I started writing this post awhile ago but never got around to finishing my thoughts. In the interest of delving into all that I’m learning at this conference, I thought it might be a good place to start.
There was a time when talking about headship/submission would cause me to cringe. Let’s be honest, sometimes it still causes me to cringe. I’ve taken great pride in my strength and have scoffed at men who feel threatened by it.
But then I met my Savior in a new way. And I started to see the beauty of submission within the Trinity; the way Christ humbled himself unto death (Philippians 2); the description of the Holy Spirit as a “Helper” (John 15), a similar description given to Eve when God made her for Adam (Genesis 2); the way marriage is a picture of Christ and the Church (Ephesians 5).
And I met my husband, and learned that in the presence of this strong, godly man, I could REST. I could take a deep breath and stop having to be quite so strong, in the way I had always defined strength.
But sometimes, I still feel a little beat up and defeated by the word (submission). My heart is hard and stubborn and I like to be the boss of me. And everyone else.
So it was sweet when, one day, as I brought these feelings before the Lord, my Bible reading for the day led me to this usually frustrating passage. You have to start with what I had read the day before, because if it’s not rooted in the Gospel, there is no point to talking about submission:
…For to this you have been called, because Christ also suffered for you, leaving you an example, so that you might follow in his steps. He committed no sin, neither was deceit found in his mouth. When he was reviled, he did not revile in return; when he suffered, he did not threaten, but continued entrusting himself to him who judges justly. He himself bore our sins in his body on the tree, that we might die to sin and live to righteousness. By his wounds you have been healed. For you were straying like sheep, but have now returned to the Shepherd and Overseer of your souls. (1 Peter 2:21-25)
And this is what followed:
Likewise, wives, be subject to your own husbands, so that even if some do not obey the word, they may be won without a word by the conduct of their wives, when they see your respectful and pure conduct. Do not let your adorning be external—the braiding of hair and the putting on of gold jewelry, or the clothing you wear—but let your adorning be the hidden person of the heart with the imperishable beauty of a gentle and quiet spirit, which in God’s sight is very precious. For this is how the holy women who hoped in God used to adorn themselves, by submitting to their own husbands, as Sarah obeyed Abraham, calling him lord. And you are her children, if you do good and do not fear anything that is frightening.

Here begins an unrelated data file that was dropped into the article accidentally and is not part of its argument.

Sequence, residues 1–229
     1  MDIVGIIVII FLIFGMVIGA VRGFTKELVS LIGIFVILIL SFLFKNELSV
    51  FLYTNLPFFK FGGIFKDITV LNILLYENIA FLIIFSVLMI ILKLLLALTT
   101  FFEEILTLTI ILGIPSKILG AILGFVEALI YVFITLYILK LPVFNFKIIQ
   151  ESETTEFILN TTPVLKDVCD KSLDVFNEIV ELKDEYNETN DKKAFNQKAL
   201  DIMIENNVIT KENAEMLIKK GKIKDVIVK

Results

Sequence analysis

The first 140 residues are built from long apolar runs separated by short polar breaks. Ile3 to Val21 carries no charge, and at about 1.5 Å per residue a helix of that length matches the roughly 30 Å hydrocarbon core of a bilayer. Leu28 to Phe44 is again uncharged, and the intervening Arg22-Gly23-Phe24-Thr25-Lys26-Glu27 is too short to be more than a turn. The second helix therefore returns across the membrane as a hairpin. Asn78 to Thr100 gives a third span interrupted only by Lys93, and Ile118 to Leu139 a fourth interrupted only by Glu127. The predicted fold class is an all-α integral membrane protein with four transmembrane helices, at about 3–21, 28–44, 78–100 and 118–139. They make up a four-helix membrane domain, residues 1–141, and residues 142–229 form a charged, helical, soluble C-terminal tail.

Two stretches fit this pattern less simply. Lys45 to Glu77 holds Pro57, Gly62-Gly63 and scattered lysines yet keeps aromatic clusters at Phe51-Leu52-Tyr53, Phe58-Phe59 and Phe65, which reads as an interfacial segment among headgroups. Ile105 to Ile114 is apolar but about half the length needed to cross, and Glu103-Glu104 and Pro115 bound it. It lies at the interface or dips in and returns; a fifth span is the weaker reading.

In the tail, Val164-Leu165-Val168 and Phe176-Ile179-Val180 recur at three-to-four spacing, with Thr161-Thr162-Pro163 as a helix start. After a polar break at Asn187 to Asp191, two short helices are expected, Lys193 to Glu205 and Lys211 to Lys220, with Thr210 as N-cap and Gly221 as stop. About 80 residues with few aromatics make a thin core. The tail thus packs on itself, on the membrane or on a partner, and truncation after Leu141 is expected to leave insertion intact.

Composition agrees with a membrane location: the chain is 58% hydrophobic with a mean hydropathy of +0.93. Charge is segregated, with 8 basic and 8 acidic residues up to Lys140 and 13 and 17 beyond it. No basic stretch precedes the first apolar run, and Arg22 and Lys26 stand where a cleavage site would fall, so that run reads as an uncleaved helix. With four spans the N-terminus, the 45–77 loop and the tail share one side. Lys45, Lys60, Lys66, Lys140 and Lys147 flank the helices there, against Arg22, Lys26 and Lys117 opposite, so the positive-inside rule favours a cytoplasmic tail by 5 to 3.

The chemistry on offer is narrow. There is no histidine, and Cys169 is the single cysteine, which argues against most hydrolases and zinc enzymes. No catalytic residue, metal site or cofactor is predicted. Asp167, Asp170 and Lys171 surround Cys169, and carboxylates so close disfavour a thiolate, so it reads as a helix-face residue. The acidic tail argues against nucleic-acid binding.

Likewise, husbands, live with your wives in an understanding way, showing honor to the woman as the weaker vessel, since they are heirs with you of the grace of life, so that your prayers may not be hindered. (1 Peter 3:1-7)
I’m aware that many may cringe at these words. My goal is not to spark a debate. For me, they brought a fresh, much-needed comfort. I was reminded of a sermon I listened to awhile back, where John Piper marveled at the strength of a woman whose hope is in the Lord. How it’s that hope in the Lord which fosters a gentle and quiet spirit (which in GOD’S sight is very precious!), and out of that hope – out of that gentle and quiet spirit – that is where submission to my husband is rooted. It’s not a call to submit because I am less than my husband (“since they are heirs with you of the grace of life”) – it is not a call to submit because my husband is worthy of my submission (in this case, the husband wasn’t even trying to follow Jesus) – it’s not even a call to submit! It’s a call to hope in the Lord, and to allow the fruit of that hope to foster in me a femininity that God intended and which He deems very precious.
So here’s where I pick up on this conference with a few more random reflections.
Tim and Kathy Keller led the first pre-conference session, “Marriage in Gospel Focus,” where they shared points from their book, The Meaning of Marriage. I loved what Kathy shared; her point was this:
In marriage, each person gets to play the Jesus role.
Husbands are called to display the servant leadership of Christ (Ephesians 5), while wives are called to display the submission of Christ, who, though he was equal with God, took the form of a servant, humbling himself by becoming obedient to the point of death on a cross (Philippians 2). The result? Much glory to God, and a window for the world into the beautiful perplexity of the Gospel as it is fleshed out in marriage.
There is something dignified and comforting in this calling. There is strength in this calling. But notice that I did not say it is easy.
We are both called to play the Jesus role, but we can’t do it alone. Tim Keller pointed to the power of Christ that kept him on the cross as the power that makes the covenantal, self-sacrificing love in marriage possible.
“He stayed on the cross. He didn’t die because we were lovely, he died to make us lovely.”
It is that power alive in us that makes headship and submission not only possible but an amazing picture of the good news of Jesus Christ.
It’s so sweet when God affirms what he is teaching me by coming at me from multiple directions. And that was just the first pre-conference session! More to come.
And man, I miss my husband. 🙂